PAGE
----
Christopher C. Kraft Jr. Mission Control Center

Christopher C. Kraft Jr. Mission Control Center NASA's Christopher C. Kraft Jr. Mission Control Center (MCC-H, initially called Integrated Mission Control Center, or IMCC), also known by its radio callsign, Houston, is the facility at the Lyndon B.

Johnson Space Center in Houston, Texas that manages flight control for America's human space program, currently involving astronauts aboard the International Space Station (ISS). The center is named after Christopher C. Kraft Jr., a retired NASA engineer and manager who was instrumental in establishing the agency's Mission Control operation, and was the first Flight Director. Prime contractor for systems integration at Houston was Philco Corp., selected by NASA in January 1963.The MCC currently houses one operational control room, from which flight controllers command, monitor, and plan operations for the ISS. This room has many computer and data-processing resources to monitor, command and communicate with the station. The ISS control room operates continuously.In the event that the MCC-H is unavailable, from a hurricane or other unforeseen event, NASA has a Backup Control Center (BCC) located at the Marshall Space Flight Center and is in the Huntsville Operations Support Center (HOSC) at Marshall Space Flight Center for ISS operations. (Unmanned US civilian satellites are controlled from the Goddard Space Flight Center in Maryland, while California's Jet Propulsion Laboratory manages unmanned US space probes.)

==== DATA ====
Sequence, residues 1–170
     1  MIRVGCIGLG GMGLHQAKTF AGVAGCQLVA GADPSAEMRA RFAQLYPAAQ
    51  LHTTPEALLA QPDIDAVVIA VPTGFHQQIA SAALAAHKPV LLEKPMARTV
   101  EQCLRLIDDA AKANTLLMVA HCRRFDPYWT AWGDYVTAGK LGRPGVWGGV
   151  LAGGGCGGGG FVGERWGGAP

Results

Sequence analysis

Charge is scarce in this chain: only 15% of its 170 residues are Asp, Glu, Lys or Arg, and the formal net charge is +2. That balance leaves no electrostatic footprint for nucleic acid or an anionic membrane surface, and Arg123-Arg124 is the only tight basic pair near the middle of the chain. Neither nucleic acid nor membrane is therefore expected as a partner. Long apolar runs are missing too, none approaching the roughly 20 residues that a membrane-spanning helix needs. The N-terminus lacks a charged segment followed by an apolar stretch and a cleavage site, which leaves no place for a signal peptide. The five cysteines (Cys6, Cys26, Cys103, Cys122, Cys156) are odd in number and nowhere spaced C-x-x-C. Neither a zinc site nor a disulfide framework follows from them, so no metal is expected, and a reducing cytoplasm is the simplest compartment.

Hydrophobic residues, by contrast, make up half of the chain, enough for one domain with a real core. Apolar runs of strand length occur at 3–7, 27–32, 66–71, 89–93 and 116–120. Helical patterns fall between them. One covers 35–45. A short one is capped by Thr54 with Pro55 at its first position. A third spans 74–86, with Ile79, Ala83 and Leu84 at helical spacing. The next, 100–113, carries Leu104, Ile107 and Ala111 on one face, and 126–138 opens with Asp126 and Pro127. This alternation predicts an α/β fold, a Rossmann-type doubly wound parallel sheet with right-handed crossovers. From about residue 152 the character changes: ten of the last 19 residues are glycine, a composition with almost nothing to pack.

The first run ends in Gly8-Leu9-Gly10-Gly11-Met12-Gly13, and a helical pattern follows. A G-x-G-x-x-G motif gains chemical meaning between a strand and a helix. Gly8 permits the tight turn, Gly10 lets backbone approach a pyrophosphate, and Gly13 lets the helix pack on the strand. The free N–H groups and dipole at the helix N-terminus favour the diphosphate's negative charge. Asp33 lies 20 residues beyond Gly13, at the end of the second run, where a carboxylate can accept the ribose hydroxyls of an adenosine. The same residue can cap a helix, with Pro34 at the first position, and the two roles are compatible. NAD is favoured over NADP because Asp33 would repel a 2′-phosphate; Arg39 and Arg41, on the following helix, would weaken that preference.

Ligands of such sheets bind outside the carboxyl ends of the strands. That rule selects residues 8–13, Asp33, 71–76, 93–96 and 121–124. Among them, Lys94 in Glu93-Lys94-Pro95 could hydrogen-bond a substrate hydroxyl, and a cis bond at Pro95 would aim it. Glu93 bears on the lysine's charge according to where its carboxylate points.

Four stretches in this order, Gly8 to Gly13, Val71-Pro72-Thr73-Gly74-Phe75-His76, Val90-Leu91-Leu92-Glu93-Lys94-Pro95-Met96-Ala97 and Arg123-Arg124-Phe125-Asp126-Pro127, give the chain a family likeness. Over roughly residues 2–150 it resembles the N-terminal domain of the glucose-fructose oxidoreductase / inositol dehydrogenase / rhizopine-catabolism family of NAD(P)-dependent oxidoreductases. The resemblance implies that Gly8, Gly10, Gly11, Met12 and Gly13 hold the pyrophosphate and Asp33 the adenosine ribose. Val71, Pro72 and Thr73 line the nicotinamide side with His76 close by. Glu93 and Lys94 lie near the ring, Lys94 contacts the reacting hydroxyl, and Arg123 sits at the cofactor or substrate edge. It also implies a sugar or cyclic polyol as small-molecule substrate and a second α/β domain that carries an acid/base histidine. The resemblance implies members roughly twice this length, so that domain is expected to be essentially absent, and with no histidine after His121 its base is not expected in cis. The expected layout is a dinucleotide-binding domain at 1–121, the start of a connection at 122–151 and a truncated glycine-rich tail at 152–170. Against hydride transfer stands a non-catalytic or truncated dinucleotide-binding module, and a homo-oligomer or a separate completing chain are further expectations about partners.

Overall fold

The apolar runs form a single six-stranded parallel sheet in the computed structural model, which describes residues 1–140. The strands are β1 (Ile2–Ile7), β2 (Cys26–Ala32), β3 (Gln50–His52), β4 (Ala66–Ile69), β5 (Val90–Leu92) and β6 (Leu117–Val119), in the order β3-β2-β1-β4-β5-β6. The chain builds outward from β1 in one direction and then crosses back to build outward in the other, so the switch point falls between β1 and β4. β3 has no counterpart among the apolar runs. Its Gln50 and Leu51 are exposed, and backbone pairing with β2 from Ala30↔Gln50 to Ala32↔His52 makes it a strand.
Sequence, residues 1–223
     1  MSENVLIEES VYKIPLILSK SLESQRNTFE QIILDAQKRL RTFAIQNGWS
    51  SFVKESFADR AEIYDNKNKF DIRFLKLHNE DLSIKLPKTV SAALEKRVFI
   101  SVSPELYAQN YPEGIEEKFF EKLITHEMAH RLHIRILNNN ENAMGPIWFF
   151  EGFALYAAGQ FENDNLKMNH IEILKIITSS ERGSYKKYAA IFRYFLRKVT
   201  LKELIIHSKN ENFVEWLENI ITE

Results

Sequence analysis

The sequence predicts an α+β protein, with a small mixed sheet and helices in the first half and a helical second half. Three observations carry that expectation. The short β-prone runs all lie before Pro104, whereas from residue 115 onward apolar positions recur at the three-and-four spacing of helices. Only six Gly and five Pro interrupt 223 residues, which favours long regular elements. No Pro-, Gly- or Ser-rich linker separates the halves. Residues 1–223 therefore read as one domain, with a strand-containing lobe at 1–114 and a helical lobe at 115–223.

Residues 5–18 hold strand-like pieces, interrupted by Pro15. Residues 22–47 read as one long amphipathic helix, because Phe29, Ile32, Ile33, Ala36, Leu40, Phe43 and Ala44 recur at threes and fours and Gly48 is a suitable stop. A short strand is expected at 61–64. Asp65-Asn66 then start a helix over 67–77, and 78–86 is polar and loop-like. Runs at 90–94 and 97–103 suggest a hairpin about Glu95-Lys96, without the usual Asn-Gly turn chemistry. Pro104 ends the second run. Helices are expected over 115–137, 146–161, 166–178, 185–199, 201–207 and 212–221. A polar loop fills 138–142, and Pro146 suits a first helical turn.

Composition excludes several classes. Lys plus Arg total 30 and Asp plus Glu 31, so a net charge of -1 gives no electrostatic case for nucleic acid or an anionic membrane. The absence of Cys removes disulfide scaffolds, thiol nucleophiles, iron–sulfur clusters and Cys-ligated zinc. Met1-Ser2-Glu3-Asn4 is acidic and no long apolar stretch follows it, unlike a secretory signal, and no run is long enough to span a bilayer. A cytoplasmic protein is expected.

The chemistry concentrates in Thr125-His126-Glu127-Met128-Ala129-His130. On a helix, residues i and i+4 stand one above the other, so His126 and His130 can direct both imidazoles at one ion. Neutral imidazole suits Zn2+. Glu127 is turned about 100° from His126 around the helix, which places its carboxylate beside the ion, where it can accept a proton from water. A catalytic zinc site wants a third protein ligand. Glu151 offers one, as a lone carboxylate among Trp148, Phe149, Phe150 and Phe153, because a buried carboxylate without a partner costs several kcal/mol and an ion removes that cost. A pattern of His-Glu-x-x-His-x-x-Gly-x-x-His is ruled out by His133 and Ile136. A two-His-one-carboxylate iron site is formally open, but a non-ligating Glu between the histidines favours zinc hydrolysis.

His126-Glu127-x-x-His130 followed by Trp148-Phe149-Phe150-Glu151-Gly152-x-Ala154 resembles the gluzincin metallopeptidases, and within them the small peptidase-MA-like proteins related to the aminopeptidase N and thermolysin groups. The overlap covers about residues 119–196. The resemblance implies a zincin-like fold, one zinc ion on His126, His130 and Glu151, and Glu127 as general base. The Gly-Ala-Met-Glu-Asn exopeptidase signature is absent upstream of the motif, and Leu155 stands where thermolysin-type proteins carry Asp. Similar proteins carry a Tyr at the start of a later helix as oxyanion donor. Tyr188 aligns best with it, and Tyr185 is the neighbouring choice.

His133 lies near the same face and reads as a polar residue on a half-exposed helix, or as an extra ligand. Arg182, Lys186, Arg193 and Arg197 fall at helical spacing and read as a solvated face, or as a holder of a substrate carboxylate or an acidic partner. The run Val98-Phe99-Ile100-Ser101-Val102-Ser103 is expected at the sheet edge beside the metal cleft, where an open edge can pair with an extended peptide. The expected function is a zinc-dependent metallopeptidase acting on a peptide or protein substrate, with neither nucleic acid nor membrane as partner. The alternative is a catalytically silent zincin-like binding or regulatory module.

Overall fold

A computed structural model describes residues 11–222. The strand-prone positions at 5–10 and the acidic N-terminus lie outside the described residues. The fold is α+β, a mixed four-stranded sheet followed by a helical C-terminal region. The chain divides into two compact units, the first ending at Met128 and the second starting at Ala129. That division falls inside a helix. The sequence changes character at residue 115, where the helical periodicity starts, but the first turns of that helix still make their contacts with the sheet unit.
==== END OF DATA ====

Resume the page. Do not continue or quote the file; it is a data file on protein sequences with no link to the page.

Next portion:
Operating as usual


Houston, TX


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